By Simon Columb
Mean, affected by a tragic condition and with a haunting, arresting gaze, Ava is a memorable tale. Directed by Léa Mysius, this debut can meander and lose a little energy, with plot devices dropped by the way side early on, but it has an intriguing focal point in its lead protagonist who is keen to escape her middle-class, yet lonely life. Ava is also a vulnerable and broken 13-year old girl. Bravely portrayed by newcomer Noée Abita (17-years old at the time of filming, therefore legal in the eyes of France), the role requires nudity and an explicit edge that is necessary for the unconventional and challenging story. Viewers will need to decide whether this complicated depiction is appropriate. As Wendy Ide put it for Screen Daily, these are “queasy questions” for the discerning viewer.
Taking place in a coastal resort, Ava and her mother (Laure Calamy) spend their summer together. Her Mum’s flirtatious behaviour and a young baby sister chip away at their already-scarred relationship. To make matters worse, Ava is slowly losing her sight due to early onset retinitis pigmentosa. In the evening, she struggles the most, while in the sun her sight is better; but, without a doubt, she will eventually be blind. Initially, her mother passionately tells Ava how this will the “best summer ever”, but inevitably, Ava’s heavy burden is soon placed to the side. She is angry with her family and her condition but finds peace in a stolen dog, Lupo. But the owner of the dog, Juan (Juan Cano), takes the dog back and, though five years her senior, Ava falls for him.
Leslie Felperin, for The Hollywood Reporter, described Léa Mysius’ directorial debut, Ava, as “a French cousin to Andrea Arnold’s American Honey“. They share a striking, engaging young lead who rebels against society and falls for a rogue vagabond. Furthermore, Ava’s fractitious relationship with her mother, a memorable moment of dance and a lonely horse call to mind Arnold’s Fish Tank too. Unlike Arnold, Mysius uses diary entries and dream sequences in the first act to establish a personal, yet surreal balance. Sadly, these are not a factor in the Bonnie and Clyde-esque finale.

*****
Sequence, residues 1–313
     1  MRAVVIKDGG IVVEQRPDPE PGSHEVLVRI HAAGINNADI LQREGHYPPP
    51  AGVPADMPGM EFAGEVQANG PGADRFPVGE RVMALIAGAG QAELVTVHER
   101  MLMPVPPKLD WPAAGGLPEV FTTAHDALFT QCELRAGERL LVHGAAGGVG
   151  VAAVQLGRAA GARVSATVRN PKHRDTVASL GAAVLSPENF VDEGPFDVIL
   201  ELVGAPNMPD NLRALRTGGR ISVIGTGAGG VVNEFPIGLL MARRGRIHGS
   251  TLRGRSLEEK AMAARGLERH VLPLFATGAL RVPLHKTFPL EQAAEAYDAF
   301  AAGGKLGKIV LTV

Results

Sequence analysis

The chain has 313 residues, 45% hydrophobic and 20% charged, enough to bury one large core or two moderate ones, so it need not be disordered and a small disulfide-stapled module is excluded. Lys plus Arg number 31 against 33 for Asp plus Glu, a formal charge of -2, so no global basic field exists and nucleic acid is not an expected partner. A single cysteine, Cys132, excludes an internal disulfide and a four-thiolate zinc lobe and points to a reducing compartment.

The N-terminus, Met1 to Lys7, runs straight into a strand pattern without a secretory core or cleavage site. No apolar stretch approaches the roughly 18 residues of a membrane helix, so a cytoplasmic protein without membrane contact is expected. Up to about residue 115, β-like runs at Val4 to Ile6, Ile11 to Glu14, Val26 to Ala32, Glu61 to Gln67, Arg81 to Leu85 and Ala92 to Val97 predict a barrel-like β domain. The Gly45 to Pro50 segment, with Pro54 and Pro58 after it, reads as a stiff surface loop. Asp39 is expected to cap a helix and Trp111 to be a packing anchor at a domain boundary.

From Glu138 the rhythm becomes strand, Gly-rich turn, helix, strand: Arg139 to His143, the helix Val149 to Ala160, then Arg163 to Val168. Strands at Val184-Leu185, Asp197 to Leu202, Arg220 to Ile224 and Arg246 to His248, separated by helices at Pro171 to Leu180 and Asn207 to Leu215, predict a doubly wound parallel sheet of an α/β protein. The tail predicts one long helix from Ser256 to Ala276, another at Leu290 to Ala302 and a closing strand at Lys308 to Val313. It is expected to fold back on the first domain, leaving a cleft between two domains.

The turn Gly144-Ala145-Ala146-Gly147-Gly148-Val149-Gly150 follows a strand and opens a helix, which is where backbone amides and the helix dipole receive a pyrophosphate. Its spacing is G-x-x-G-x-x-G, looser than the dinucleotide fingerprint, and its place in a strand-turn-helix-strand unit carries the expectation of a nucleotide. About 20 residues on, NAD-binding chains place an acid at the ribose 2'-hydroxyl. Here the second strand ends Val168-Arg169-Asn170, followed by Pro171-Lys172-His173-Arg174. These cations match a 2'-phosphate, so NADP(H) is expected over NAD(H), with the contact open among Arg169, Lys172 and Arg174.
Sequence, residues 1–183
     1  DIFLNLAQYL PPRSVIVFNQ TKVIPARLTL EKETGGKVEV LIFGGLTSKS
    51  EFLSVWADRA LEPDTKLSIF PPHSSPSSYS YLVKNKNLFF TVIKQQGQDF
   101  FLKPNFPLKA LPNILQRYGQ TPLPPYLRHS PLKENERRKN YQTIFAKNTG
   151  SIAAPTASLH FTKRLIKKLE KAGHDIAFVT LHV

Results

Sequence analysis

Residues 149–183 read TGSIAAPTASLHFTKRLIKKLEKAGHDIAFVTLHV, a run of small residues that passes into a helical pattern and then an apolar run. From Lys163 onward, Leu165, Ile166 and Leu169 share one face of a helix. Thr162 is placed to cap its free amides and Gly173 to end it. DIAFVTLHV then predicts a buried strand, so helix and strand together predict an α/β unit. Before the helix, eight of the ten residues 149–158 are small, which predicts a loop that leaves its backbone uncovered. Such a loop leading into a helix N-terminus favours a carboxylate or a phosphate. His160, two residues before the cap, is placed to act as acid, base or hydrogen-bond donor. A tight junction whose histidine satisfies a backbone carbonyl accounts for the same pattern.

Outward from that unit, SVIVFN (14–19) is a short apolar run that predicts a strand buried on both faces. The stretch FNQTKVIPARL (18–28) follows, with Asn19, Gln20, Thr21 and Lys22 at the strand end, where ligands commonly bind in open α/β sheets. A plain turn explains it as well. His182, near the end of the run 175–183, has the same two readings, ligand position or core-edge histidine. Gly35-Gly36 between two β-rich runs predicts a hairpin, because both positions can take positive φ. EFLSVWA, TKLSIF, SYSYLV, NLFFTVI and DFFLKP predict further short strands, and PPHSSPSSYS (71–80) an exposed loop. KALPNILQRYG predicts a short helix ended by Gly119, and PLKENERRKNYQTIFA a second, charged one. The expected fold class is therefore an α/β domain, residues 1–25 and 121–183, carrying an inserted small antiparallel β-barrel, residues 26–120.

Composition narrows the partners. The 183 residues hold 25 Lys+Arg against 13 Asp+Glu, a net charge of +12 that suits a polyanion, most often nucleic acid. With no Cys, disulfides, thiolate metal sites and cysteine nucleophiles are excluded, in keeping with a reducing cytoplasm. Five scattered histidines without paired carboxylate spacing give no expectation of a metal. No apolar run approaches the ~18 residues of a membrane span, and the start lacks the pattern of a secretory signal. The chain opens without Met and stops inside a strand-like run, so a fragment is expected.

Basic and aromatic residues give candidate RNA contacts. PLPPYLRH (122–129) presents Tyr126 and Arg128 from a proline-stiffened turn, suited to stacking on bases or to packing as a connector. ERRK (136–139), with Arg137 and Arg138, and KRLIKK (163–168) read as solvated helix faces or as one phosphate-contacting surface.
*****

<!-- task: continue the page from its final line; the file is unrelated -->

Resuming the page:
There is another layer to Ava that, without a little prior knowledge, you may be forgiven for missing. Ava is shot on film and, while the protagonist comes of age with a sight that is slowly disappearing, we know that 35mm is a format that is slipping from our grasp. This multi-layered, confident use of format is a bold choice for a new filmmaker but it proves how adept and perceptive both director and cinematographer, Paul Guilhaume, truly are (Guilhaume also co-wrote the screenplay).
Ava, with a black dog foreshadowing the ever-spiralling, wild life of Ava herself, is an intriguing watch. The cast are accomplished, presenting those on the fringes of society with patient, unassuming sincerity; long, intense stares mean that we feel the intensity between Juan and Ava, for example. The wayfaring plot and extraneous details detract from a clear focus and intention but Léa Mysius, in her assertive and mature direction, will remain one to watch.
Ava is available exclusively on MUBI from 22nd December